If anyone tried any violence this year, Kimmel said, “you will be awarded the Oscar for best actor and permitted to give a 19-minute-long speech”.
After landmark wins for Chloe Zhao (Nomadland) and Jane Campion (The Power Of The Dog), no women were nominated for best director. Sarah Polley, though, won best adapted screenplay for the metaphor-rich Mennonite drama Women Talking.
“Thank you to the academy for not being mortally offended by the words ‘women’ and ‘talking,’” said Polley.
Daniel Roher’s Navalny, about the imprisoned Russian opposition leader Alexei Navalny, took best documentary. The film’s win came with clear overtones to Navalny’s ongoing imprisonment and Vladimir Putin’s continued war in Ukraine. Yulia Navalnaya joined the filmmakers on the stage.
“My husband is in prison just for telling the truth,” said Navalnaya. “Stay strong my love.”
Some big names weren’t in attendance for other reasons. Neither Tom Cruise, whose Top Gun: Maverick is up for best picture, nor James Cameron, director of best-picture nominee Avatar: The Way Of Water, were at the ceremony. Both have been forefront in Hollywood’s efforts to get moviegoers back after years of pandemic.
“The two guys who asked us to go back to theatre aren’t in the theatre,” Jimmel said, who added that Cruise without his shirt on in Top Gun: Maverick was “L Ron Hubba Hubba”.
After last year’s Oscars, which had stripped some categories from being handed out in the live telecast, the academy restored all awards to the show and leaned on traditional song and and dance numbers. That meant some show-stopping numbers, including the elastic suspenders dance of Naatu Naatu from the Telugu action-film sensation RRR, an intimate, impassioned performance by Lady Gaga of Hold My Hand from Top Gun: Maverick and an Super Bowl follow-up by Rihanna. Best Song went to Naatu Naatu.
It also meant a long show. “This kind of makes you miss the slapping a little bit, right?” Kimmel said mid-show.
The night’s first award went to Guillermo del Toro’s Pinocchio for Best Animated Film. That handed Netflix its first Oscar in the category.
After last year’s slap, the academy created a crisis management team to better respond to surprises. Neither Rock, who recently made his most forceful statement about the incident in a live special, nor Smith, who was banned by the academy for 10 years, attended.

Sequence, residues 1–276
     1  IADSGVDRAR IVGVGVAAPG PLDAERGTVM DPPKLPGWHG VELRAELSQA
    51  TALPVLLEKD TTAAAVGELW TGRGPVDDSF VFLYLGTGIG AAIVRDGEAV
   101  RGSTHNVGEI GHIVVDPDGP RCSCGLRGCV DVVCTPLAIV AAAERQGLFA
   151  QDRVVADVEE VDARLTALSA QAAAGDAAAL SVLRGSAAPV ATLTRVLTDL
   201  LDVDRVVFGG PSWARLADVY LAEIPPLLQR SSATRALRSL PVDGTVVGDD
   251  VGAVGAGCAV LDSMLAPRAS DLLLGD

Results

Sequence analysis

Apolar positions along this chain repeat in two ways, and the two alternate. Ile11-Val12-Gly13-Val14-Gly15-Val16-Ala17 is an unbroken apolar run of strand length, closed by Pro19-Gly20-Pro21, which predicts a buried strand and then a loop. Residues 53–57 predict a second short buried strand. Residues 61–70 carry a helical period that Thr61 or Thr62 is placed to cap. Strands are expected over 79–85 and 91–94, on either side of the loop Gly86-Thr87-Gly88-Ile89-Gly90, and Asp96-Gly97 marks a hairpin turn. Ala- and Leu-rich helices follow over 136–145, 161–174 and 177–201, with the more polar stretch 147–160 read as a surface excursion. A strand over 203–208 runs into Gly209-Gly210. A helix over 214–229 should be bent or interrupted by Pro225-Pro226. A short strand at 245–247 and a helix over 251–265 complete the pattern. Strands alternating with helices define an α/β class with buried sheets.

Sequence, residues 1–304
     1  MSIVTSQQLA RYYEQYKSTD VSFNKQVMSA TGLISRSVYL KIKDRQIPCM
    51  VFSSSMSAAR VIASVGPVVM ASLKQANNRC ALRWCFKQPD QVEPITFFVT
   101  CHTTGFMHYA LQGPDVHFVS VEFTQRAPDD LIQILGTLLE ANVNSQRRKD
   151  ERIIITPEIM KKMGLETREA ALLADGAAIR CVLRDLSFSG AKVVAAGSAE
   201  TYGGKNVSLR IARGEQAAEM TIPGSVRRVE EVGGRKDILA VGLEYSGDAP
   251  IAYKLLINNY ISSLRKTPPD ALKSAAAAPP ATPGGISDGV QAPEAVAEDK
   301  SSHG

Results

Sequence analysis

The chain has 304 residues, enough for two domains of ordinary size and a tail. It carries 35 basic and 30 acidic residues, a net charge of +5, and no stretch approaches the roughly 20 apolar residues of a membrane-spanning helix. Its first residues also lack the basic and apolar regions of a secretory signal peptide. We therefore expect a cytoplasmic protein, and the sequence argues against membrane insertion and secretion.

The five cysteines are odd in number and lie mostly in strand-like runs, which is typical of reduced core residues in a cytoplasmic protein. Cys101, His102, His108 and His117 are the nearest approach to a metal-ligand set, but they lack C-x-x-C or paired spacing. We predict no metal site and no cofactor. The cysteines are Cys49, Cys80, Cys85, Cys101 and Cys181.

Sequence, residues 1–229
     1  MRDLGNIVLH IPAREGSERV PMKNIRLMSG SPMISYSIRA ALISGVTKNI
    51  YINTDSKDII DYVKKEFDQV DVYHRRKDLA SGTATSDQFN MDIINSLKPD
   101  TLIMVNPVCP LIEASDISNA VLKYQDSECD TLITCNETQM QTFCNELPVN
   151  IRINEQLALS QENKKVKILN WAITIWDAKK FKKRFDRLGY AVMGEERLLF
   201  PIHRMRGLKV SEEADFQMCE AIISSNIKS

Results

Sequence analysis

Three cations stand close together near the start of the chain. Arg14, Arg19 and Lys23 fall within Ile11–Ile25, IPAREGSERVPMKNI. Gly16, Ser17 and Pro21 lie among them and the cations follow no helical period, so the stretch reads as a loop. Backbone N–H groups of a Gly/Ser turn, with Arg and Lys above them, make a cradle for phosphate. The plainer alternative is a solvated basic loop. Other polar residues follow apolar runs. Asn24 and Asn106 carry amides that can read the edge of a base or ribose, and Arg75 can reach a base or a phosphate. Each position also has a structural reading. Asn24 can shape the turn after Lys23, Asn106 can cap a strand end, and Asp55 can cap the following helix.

The Academy Awards is attempting to recapture some of its old luster. One thing working in its favour: This year’s Best Picture field was stacked with blockbusters. Ratings usually go up when the nominees are more popular, which certainly goes for Top Gun: Maverick and Avatar: The Way Of Water.
Neither won much, though. The Way Of Water, with more than US$2.28 billion in box office, won for best visual effects.
Last year, Apple TV’s CODA became the first streaming movie to win best picture. But this year, nine of the 10 best picture nominees were theatrical releases. After the movie business cratered during the pandemic, moviegoing recovered to about 67 per cent of pre-pandemic levels. But it was an up and down year, full of smash hits and anxiety-inducing lulls in theaters.
At the same time, the rush to streaming encountered new setbacks as studios questioned long-term profitability and reexamined their release strategies. This year, ticket sales have been strong thanks to releases like Creed III and Cocaine Bear – which made not one but two cameos at Sunday’s show. But there remain storm clouds on the horizon. The Writers Guild and the major studios are set to begin contract negotiations on Mar 20, a looming battle that has much of the industry girding for the possibility of a work stoppage throughout film and television.
The Oscars, meanwhile, are trying to reestablish their position as the premier award show. Last year’s telecast drew 16.6 million viewers in the US, a 58 per cent increase from the scaled-down 2021 edition, watched by a record low 10.5 million.